Lion's View, such a unusual name for a hospital, although on second thoughts perhaps not seeing as its patients are thought to be lunatics, babblers, of a nervous disposition, mentally deranged. But then I don't know New Orleans, or even if this Garden District still exists, so perhaps it's not weird at all. Perhaps it's very much, or was at one time, in keeping with the area, or perhaps it's all fictional, and I, like a crackpot, have fallen for it, as I so often do for Tennessee's works. The playwright, not the American state, which I've come to mid-way in life.
Last Summer is
one of his stranger plays; a touch, some might say,
semi-autobiographical if you choose to draw comparisons to Catharine
(and yes, it is with a middle 'a') and his sister, Rose. I don't know
– writers use and write out theirs or others experiences, not
always truthfully but slanted, which, in my view, is more cathartic
than say talking in circles with a psychologist. Cut out the middle
man or woman and let the mind take its own journey. However, that
opinion in itself could be wrong. No, not wrong, just not the
accepted persuasion backed by experts.
don't know what the broadly-held sentiment might be by those in the
profession, other than treatment is still referred to as 'Therapy',
and that it does now include 'the Arts': those creative pursuits we
should do more of apparently, which makes perfect sense to me as one
so inclined but may not to others who aren't. But what we can say is
that times have moved on and people suffering mental health
difficulties, for however long, are treated with more sympathy today.
At least, I very much hope so, because although others will say
there's still a way to go, we have come a way. And if you don't
believe me, History! History! by which I mean: Research it!
digress. Sort of.
Sugar. Well, to be more precise, Dr Sugar, or if you prefer Dr
Cukrowicz, as though the play is far from a saccharin affair, he's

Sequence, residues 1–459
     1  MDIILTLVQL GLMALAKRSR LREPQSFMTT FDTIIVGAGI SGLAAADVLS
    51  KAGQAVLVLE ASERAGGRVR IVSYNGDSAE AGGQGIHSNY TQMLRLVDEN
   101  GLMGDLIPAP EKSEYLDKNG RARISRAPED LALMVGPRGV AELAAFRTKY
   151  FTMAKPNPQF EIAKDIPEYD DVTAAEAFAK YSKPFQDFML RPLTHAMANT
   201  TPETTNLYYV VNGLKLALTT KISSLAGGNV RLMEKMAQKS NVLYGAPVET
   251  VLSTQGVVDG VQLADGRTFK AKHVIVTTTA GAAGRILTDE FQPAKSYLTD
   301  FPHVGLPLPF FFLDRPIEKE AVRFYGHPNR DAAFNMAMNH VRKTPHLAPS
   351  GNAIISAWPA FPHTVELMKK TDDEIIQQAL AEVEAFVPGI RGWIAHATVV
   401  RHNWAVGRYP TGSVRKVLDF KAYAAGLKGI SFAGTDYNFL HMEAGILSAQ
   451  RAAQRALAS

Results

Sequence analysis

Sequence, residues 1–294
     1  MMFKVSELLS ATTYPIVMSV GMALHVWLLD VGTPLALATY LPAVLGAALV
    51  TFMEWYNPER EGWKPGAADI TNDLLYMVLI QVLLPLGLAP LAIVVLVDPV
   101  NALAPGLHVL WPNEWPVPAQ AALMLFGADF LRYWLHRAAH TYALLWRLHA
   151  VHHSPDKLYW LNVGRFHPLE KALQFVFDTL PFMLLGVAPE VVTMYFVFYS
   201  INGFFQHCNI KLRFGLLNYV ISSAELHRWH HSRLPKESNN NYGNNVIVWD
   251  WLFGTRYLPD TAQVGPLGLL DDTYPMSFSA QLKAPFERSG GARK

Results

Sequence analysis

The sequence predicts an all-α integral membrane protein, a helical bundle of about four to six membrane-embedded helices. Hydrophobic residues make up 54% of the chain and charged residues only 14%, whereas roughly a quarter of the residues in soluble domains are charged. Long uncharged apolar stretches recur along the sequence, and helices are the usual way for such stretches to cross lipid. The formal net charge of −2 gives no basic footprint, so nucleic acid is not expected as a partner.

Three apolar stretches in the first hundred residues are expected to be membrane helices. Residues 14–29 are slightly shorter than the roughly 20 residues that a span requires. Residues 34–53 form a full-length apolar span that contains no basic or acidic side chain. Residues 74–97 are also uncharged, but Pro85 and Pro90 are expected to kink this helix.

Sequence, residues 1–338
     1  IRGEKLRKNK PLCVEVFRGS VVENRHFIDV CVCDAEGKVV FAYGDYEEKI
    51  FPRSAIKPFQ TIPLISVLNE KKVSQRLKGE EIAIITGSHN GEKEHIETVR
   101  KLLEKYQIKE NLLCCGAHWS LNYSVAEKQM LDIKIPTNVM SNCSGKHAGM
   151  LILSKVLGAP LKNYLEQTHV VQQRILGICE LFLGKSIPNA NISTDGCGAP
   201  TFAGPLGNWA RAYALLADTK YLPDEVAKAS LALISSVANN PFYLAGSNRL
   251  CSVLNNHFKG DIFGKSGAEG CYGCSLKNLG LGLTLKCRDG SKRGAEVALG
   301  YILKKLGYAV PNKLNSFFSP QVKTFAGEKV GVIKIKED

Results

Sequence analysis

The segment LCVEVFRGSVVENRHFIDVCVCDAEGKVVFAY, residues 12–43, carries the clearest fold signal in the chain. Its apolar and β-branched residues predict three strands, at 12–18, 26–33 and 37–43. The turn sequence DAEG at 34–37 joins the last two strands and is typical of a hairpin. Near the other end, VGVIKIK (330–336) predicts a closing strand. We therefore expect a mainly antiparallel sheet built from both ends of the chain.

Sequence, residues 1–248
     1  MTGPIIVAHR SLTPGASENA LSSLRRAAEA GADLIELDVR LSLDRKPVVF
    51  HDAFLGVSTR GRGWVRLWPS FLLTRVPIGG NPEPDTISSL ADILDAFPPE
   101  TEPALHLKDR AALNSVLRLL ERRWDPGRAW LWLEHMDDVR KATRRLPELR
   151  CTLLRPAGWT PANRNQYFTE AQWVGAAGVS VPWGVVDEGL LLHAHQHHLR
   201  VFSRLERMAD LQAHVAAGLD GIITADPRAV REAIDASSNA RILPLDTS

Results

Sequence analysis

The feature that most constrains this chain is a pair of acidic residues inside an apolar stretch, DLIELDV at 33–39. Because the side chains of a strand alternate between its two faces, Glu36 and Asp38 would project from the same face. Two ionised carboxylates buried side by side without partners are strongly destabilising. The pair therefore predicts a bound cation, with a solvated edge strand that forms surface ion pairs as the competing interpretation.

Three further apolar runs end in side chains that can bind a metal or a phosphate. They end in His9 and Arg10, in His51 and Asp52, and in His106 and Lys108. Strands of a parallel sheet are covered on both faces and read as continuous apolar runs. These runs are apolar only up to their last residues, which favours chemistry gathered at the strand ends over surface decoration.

certainly the sweetener. The cube that makes the Polio vaccine
palatable. I don't know why I said that! for the play has nothing
whatsoever to do with Polio - see how the mind at times takes over –
although perhaps there is a tenuous connection for, after all, he
sweetens the bitterness the main players feel towards, sometimes each
other but more often, Catharine. None of them like her 'story', which
she continues to stick to in spite of her supposedly recuperating
stay at St Mary's, for differing but nonetheless deplorable reasons:
Aunt Violet fears it tarnishes the image of her late son, Sebastian,
and wants it cut out, right out of Catharine's brain, whereas Mrs
Holly and Catharine's brother, George, are more concerned that if
Catharine pursues this course the money they are due to come into
will be contested.
is a bitter pill and even more so if the circumstances of it are
grisly. Unsweetened, it's hard to swallow, particularly if it
confirms something unspeakable about another to persons within and
outside the family, or implicates the actions of others on their
behalf. Even the Doctor, in this instance, is unable to sugar-coat
it; in fact, he doesn't attempt to, he just wants to get to the
bottom of the mystery – the cause of this young woman's mental
instability - and when he does, he believes her, or at least believes
in the possibility that what she says could, in part if not all, be
truth scares and it threatens, as in it could be information that
could be used against you, that others don't want to hear and won't
unless they're forced to listen by a neutral protector. That's what I
like to think is meant by 'Lion's View', for if you disassociate it
from its hospital setting then those two words could be said to give
a different connotation, one that's not entirely unconnected but
which instead suggests an impartial guardian who helps to minimise,
if not heal, psychological scars.
Picture credit: Le Mal du Pays (Homesickness), 1940, Rene Magritte